But it's a positive misery, because it boosts corporate profits, right? Just kidding.

To avoid this de facto starvation, the problem you need to solve is more carefully stated as: How will I eat the healthy things that I want to eat, getting all required nutrients, without going over my caloric budget? It is a budgeting problem. It is also a life-satisfaction problem. If you are a typical adult, you have 2000 kcal to spend. Will you spend on good food? Or squander it all on ice cream and candy?

Imagine you that you have won the lottery. Every day you have $2000 to spend, but you have nowhere to live and no transportation. If you spend the $2000 on useless golden jewelry or addictive drugs, you'll starve and sleep in the park. Your priority should be to spend it on thinks that matter first and if you have any leftover cash, maybe splurge.

Or another way to look at it is like a packing problem. Imagine you are going to relocate for work, and drive a long distance to the new job. You have to put all of your worldly belongings inside a compact car, and you can only make one trip. How would you pack the car with things that matter, and what would you leave behind?

Your daily diet is like that car. It is a limited space into which you can only put the best things. If you load it up with junk, will you be helping yourself? No. Will you be responsible for your mistake? Yes.

In addition, if you're no longer growing, your body will have relatively limited need for food. Grown adults can easily survive on 2000 kcal per day. Your car, using the analogy above, is thus smaller than the car of a teenager. You can fit less in it. Therefore you need to make even better choices about what you will include in your diet.

It turns out, creating a daily food budget is not a hard problem to solve. Why? Because there are many delicious healthy foods. Nutrient-rich foods give you the feeling of being full as well as satisfied.

The practical problem is, the food industry is addicted to selling addictive junk. That's an easy task for mediocre people to do and be successful. As a result, almost every packaged food has sugars and MSG.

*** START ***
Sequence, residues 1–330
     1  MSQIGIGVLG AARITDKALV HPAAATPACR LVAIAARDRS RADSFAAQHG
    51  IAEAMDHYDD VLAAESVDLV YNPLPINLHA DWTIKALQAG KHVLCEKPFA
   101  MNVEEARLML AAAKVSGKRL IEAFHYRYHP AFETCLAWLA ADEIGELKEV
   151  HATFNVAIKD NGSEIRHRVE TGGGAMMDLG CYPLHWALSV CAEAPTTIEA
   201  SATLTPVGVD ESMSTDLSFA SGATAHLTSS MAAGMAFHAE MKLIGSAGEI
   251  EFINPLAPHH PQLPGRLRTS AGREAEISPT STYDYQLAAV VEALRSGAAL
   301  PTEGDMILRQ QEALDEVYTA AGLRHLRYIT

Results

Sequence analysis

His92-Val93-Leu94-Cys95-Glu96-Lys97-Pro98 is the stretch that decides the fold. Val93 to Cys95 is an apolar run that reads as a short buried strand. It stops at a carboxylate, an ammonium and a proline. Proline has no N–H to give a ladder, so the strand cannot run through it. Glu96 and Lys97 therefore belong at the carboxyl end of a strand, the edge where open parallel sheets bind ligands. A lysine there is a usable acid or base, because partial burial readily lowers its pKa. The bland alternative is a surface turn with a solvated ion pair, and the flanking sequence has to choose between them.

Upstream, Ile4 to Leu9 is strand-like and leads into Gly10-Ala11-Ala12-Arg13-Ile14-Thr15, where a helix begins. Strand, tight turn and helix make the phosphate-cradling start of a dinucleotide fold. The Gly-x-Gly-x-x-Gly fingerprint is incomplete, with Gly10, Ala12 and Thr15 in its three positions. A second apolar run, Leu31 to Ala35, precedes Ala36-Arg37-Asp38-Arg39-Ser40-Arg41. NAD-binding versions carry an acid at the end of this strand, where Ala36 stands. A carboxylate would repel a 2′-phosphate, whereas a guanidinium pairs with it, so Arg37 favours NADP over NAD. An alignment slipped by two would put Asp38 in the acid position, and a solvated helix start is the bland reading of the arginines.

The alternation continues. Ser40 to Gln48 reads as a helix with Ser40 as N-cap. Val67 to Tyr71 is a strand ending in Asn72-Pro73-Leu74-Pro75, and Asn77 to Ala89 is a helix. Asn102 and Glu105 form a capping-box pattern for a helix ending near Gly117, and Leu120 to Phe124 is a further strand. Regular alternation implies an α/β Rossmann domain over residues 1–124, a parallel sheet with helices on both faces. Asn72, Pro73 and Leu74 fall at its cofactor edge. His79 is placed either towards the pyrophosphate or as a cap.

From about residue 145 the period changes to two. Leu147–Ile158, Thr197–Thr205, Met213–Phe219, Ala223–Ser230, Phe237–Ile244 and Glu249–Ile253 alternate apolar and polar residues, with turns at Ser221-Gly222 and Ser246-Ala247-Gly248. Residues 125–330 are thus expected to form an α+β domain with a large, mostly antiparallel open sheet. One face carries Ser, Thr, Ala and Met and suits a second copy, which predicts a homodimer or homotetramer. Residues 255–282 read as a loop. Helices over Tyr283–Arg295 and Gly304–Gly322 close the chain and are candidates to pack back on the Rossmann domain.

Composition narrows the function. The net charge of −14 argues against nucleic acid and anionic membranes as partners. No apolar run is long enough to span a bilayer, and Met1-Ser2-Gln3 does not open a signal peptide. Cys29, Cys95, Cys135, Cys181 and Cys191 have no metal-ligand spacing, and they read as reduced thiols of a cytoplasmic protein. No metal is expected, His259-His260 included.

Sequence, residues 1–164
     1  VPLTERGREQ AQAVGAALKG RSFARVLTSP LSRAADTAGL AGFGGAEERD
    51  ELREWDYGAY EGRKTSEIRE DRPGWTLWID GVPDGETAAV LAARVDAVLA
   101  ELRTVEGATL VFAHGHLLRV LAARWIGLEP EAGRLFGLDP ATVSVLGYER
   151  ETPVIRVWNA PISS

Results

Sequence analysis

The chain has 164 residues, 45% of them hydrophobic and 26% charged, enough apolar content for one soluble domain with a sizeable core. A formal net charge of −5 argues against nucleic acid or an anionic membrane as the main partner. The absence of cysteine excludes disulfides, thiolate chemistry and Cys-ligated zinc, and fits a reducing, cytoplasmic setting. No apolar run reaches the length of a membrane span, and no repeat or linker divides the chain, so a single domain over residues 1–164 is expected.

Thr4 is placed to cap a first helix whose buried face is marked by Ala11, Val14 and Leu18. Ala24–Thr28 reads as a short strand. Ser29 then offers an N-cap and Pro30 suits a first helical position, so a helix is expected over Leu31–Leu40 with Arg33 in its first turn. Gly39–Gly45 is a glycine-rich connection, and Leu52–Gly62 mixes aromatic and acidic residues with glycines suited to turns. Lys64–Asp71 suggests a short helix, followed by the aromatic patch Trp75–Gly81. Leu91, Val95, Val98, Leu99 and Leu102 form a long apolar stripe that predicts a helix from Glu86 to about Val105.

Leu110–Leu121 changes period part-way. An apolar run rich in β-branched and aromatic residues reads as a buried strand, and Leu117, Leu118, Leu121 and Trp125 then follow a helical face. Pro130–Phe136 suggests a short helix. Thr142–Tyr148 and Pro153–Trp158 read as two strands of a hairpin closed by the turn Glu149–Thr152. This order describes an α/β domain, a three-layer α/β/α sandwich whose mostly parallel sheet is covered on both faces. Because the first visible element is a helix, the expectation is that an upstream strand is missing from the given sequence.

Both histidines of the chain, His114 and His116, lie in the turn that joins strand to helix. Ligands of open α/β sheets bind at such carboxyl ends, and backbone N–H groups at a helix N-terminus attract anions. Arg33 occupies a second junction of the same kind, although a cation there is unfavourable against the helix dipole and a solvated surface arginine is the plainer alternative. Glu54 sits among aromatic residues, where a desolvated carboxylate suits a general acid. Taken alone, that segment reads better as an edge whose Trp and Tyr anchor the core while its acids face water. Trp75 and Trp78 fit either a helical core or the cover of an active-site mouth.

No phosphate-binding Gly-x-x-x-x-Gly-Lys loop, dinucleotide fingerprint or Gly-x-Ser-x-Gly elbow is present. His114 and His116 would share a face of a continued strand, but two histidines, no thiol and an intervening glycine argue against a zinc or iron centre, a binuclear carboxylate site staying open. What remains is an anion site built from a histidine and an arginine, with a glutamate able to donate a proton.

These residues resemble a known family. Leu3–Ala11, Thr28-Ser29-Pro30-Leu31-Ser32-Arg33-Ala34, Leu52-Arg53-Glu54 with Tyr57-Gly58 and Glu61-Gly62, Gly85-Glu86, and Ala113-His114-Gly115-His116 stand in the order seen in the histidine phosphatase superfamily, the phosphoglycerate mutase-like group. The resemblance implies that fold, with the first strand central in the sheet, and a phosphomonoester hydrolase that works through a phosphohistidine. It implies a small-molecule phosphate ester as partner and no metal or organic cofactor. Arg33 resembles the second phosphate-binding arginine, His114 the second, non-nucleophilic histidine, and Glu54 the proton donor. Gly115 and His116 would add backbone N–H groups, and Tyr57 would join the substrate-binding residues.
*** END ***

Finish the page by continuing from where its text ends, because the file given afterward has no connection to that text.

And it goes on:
There are effectively 40 different names for MSG and probably 15 for various sugars. That's because there's been a willful deception.

One example of a purely natural food is the following chocolate smoothie:

  • 1 cup milk
  • 2 tbsp cocoa
  • 2 bananas
  • 1/2 cup frozen mango

Note, excessive fruit intake is not advisable, as it is alleged to be bad for the pancreas. Pancreatic cancer cells use fructose as fuel, which is why fruitarians are at risk of that type of cancer.

Addendum: Stomach pain from overeating

Growing up, my stomach always hurt when I overate. As an adult however I realized this was no longer the case, at least when I ate certain foods. I deduced that certain foods must be desensitizing the stomach and reducing nausea.

MSG (monosodium glutamate) in its various forms, which number about 40, is added in large amounts to processed foods. It is a known neurotoxin, so it actually kills neurons. The digestive tract has, according to one source, 100 million neurons.

Putting 2 and 2 together, it's not hard to deduce that it is likely MSG desensitizes the stomach so that overeating no longer causes pain, probably by killing neurons.

Overeating harms the consumer but boosts the profits of food manufacturers and sellers, so it is in the latter two's interest to add MSG (or any chemical) that eliminates stomach pain from overeating.